Ognen speaks about this “opening” of the language also in his note to his translation of Moby Dick, where he says that “translating Moby Dick has proven to be a real possibility to release what the translation theorists call ‘essence’ of the language, i.e. to activate as much as possible the potential of a language to communicate with another language via its means of expression” (Чемерски, 2014: 273). The challenge of the translator led by his love for his mother tongue and by his curiosity towards it, on one hand here entails exposing Macedonian linguistic complexes (especially and foremost those about our poor vocabulary, in this case seafaring), and on the other hand questions the linguistic puritanism (especially and foremost promoted by the proofreading community, and based on the insufficient, inaccessible and unmodernised corpus of language manuals, such as dictionaries and grammar books)3F . In this, the basic starting point is that any language, including the Macedonian, is both perfect and eternally unfinished and changeable, while the translation is the means via which one can comprehend, awaken and bring to the surface all the potential that it has. It is via translation that we have the chance to shake “our own Macedonian language using its possibilities and thus give the text and also an important undertone of this word a new life – not life after death, but afterlife, in which it will live longer and better, by means that were unavailable to the author, and the Macedonian language has also rejuvenated” (Чемерски, 2015: 32). In this way one also deconstructs the illusion about the poverty of the vocabulary of a small, landlocked country, because Ognen indicates that “seafaring solutions are at hand’s reach if one draws from the language of our 19th century literature, from the language of our fishermen, our craftsmen, our skilled men and their societies, from Macedonian toponymy and etymology and from every other sphere that proves to be handy” (Ibid. 8).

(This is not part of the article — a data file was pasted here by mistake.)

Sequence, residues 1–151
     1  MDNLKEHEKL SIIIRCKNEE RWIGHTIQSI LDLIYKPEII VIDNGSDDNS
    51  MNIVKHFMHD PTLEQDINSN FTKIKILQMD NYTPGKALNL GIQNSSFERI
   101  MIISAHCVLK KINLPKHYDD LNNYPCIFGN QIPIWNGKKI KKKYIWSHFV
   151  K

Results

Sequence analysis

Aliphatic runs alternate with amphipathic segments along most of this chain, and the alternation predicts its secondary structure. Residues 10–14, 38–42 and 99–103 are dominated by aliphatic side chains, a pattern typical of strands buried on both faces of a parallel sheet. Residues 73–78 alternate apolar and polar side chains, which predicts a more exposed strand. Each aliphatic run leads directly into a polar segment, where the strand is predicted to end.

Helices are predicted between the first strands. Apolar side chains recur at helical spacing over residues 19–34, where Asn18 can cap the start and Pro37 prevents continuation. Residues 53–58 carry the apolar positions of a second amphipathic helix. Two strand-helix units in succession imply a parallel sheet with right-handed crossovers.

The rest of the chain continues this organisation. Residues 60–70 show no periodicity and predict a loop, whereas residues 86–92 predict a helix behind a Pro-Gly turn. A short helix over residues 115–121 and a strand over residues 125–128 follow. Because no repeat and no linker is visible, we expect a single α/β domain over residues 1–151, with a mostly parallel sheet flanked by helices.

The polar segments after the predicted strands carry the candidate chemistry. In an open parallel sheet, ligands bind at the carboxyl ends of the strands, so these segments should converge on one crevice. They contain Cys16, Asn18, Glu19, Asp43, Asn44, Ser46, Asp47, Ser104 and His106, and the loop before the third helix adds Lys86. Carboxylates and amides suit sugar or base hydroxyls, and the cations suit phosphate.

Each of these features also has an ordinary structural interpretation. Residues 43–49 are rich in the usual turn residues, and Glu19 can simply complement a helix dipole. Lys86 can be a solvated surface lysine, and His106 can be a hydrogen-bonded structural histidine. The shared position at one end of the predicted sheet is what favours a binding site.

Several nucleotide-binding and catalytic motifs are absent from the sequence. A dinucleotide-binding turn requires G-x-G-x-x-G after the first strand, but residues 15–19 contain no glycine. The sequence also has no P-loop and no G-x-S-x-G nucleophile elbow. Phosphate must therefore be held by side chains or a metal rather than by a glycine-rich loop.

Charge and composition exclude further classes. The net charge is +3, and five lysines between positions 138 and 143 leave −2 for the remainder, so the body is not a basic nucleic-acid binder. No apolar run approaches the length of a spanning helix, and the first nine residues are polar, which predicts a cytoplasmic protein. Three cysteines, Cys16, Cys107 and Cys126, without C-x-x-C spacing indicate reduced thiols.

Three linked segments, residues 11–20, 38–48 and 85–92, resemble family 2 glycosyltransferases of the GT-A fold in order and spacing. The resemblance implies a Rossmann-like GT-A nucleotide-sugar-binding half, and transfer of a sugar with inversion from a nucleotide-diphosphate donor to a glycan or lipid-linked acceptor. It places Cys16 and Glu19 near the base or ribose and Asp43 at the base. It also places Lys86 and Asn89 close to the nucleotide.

Somewhere at the beginning of Holy Sail! Its author says that during the decade-long work on Moby Dick’s translation, “the themes of translation as opposed to meaning and messages, word, etymology, intertwining of languages and their mutual copulation, the layers of languages, truth, i.e. truthfulness, and the task of the one who happened to translate were open” (Ibid. 16). Of course, many more authors and translators (more outside than inside Macedonia) before him have written about the need, nature and assumed laws and regulations that (should) rule the literary translation. These texts often speak about the orientation and appropriateness of translation, via a spectre of its types and possibilities. Thus, it is considered that some blind faithfulness to the original [text] results in literal translations (an almost automatized replacement of a word in a language with its pair in another language)4F , while the urge for originality and freedom of the translator leads to adaptations that can eventually only recall or remind of their originals. Regarding the latter, in his essay “The Art of Translation”, Nabokov says that it is “worst degree of turpitude”, when “a masterpiece is planished and patted into such a shape, vilely beautified in such a fashion as to conform to the notions and prejudices of a given public. This is a crime, to be punished by the stocks as plagiarists were…” (Набоков, 327). For Nabokov, the truthfulness to the original, and to the author who has written it, is the ethical dimension which should supersede all others with the translator. He [the translator], besides the standard qualities (excellent knowledge of the two languages and cultures, as well as a full awareness of the context in which the book that is translated was written) “he must possess the gift of mimicry and be able to act, as it were, the real author’s part by impersonating his tricks of demeanour and speech, his ways and his mind, with the utmost degree of verisimilitude” (Ibid., 332). Pasternak, another well-known author and translator, somehow differently than Nabokov, says that translations, in an ideal situation “must be literary works in their own right and, through textual equivalence, stand shoulder to shoulder with their source texts, in their own originality… translations are not a method for becoming acquainted with individual works – they are a means of perpetual communication between cultures and peoples” (according to Sokolskaya). In this process, “the translation must come from an author who felt the original’s influence long before taking up his task. It must be the fruit of the original, and its historical consequence” (Ibidem).